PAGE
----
By Jason DeRusha, WCCO-TV

MINNEAPOLIS (WCCO) — For two days every October, schools close, parents scramble and kids enjoy a couple days off of school. Minnesota’s teachers union holds its annual Professional Conference during the school year. But is the cost worth it?

“When they kids are younger, it’s probably a pain,” said one mother, who took the day off from work to hang out with her kids at the Science Museum of Minnesota.

“Of all the teachers employed in the state, how many actually attend the MEA conference versus how many use it to take a long weekend away?” asked Sheila Skwira, from Eagan.

“We do not have to be here, this is of our own choice,” said Tracy Olson, a high school math teacher, who is attending the conference at St. Paul’s RiverCentre.

Teachers are offered continuing education classes and sessions on topics like bullying and creative ways to ignite a passion for reading. Teachers need those credits to keep their licenses.

“It’s a non-paid day, they’re taking their own time, their own resources to get down here, to share things with each other to become better teachers on Monday,” said Tom Dooher, President of the state’s largest teachers union, Education Minnesota.

While teachers have to pay to get to the convention, and they technically don’t get paid for the days they’re there, parents also pay. There’s cost to arrange day care for young kids, and a cost to taking vacation days to be with the kids.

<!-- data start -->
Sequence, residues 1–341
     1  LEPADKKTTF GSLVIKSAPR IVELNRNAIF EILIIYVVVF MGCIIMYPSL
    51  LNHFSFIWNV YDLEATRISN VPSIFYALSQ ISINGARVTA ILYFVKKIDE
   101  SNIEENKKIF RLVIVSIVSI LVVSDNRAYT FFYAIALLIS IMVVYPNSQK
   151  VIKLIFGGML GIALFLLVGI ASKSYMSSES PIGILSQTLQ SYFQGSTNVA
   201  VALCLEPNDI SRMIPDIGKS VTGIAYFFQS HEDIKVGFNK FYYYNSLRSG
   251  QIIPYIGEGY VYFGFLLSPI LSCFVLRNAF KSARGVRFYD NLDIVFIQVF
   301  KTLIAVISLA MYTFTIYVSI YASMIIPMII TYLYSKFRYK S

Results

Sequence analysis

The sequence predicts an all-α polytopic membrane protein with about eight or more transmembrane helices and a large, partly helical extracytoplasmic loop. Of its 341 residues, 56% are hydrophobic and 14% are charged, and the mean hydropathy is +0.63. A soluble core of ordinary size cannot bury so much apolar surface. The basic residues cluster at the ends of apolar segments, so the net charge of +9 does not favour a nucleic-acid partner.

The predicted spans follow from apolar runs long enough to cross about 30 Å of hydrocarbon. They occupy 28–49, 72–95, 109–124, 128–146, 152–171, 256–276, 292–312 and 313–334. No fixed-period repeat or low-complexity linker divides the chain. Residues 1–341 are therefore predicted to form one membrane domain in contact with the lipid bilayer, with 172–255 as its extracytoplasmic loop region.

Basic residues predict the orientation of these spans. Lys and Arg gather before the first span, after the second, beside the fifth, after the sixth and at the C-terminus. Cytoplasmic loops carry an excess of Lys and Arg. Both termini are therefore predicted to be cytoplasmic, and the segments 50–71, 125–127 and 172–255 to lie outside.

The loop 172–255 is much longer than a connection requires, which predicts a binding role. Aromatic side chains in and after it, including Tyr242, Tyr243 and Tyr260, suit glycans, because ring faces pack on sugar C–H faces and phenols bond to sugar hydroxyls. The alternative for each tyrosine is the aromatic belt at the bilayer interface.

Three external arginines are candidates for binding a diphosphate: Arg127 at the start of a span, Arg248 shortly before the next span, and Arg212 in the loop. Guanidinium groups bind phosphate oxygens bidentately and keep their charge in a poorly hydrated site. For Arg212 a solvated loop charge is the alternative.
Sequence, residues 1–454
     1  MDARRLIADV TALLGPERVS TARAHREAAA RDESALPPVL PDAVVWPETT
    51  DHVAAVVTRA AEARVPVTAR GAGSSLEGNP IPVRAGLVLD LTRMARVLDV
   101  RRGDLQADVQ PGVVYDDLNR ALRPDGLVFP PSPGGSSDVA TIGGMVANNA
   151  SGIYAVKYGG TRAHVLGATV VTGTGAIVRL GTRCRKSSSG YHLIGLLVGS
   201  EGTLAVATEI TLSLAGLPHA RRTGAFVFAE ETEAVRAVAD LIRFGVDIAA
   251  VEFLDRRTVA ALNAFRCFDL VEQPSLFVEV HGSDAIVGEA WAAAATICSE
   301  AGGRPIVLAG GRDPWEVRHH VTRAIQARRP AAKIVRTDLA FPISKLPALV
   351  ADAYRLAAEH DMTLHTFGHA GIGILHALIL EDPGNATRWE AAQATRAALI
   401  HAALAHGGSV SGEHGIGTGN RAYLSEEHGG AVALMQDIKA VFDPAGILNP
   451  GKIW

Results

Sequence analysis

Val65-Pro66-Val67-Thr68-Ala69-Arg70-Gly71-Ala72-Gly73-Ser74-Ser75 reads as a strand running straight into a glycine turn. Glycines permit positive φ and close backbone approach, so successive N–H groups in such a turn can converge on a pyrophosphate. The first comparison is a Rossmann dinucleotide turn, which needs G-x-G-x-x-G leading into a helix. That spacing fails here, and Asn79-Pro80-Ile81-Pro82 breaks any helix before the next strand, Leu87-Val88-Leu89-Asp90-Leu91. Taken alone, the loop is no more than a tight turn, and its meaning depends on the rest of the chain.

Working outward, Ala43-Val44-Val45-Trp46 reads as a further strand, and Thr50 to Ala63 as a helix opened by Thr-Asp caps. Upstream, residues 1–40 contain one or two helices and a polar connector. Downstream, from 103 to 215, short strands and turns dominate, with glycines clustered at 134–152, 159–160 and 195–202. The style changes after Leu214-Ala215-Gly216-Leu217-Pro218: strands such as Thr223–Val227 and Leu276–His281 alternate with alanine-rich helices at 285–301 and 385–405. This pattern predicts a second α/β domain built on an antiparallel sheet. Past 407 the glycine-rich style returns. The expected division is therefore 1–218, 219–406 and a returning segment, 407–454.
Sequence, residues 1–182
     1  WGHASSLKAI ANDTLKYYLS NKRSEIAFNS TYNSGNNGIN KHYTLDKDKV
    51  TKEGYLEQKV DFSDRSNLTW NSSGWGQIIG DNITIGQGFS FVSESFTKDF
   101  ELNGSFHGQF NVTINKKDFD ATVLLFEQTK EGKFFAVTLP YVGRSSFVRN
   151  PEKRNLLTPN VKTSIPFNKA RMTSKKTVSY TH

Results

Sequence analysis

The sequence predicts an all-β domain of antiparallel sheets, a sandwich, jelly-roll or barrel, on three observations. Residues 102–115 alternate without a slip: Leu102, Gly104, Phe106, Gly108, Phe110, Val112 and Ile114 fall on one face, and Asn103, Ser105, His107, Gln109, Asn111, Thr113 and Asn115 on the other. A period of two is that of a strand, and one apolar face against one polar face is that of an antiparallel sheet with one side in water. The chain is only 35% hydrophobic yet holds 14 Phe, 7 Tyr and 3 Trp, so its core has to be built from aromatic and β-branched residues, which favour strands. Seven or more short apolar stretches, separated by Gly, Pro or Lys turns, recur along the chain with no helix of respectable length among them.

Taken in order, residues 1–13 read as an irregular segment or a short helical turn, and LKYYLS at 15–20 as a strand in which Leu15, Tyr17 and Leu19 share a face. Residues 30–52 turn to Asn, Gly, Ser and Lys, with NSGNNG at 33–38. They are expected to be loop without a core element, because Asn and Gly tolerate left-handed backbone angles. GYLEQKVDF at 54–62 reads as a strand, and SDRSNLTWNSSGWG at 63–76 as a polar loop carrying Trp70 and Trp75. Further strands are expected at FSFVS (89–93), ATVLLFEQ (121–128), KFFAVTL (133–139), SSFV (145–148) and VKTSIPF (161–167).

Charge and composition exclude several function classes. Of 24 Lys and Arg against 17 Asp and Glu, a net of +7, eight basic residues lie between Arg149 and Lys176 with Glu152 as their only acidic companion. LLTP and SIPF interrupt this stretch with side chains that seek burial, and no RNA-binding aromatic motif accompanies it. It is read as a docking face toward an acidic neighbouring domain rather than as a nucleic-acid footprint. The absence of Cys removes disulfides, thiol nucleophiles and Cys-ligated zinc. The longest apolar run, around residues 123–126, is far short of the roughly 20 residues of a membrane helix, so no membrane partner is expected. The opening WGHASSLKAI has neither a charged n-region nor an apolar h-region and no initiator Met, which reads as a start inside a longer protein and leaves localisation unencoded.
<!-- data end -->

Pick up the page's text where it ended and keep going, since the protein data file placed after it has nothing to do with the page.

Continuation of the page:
According to the Minnesota Department of Transportation, traffic was down “significantly” during peak periods this morning.

“As long as they’re actually doing something, then I don’t mind the time. But if they’re taking it as a day off like us, why?” asked one parent.

According to Dooher, 10,000 teachers go to the conference. There were several sessions Thursday that had to be closed because they were at capacity. But that 10,000 teacher attendance is out of 70,000 licensed Minnesota Teachers.

“Oh, my. That’s a lot missing,” said one parent.

Just 14 percent of teachers go to the convention. So, why not have it during the summer, when kids are already out of school?

“Right now, we’ve been in school about six weeks, so they’ve gotten to know their classes. What they can do now is take this information and immediately apply it, unlike in the summer,” said Dooher.

There’s also a historical reason. The convention has been in October for nearly 130 years, when it moved from a summer date in Rochester.

Olson echoed Dooher’s answer, and added that teachers “kinda need the break.”

“We used to know a lot of teachers that thought of it like another couple vacation days,” said one dad.

It is vacation for a lot of people. At MSP International Airport, lots of people loaded onto planes.

“In recent years, the MEA weekend has been busier than Thanksgiving weekend,” said MSP spokesman Pat Hogan.

Olson said she was already learning things on the first day of seminars at the conference. According to Dooher, taxpayers are not funding the event at all.

“Education Minnesota funds this completely out of our own dues money. So, our members are actually funding it,” he said.


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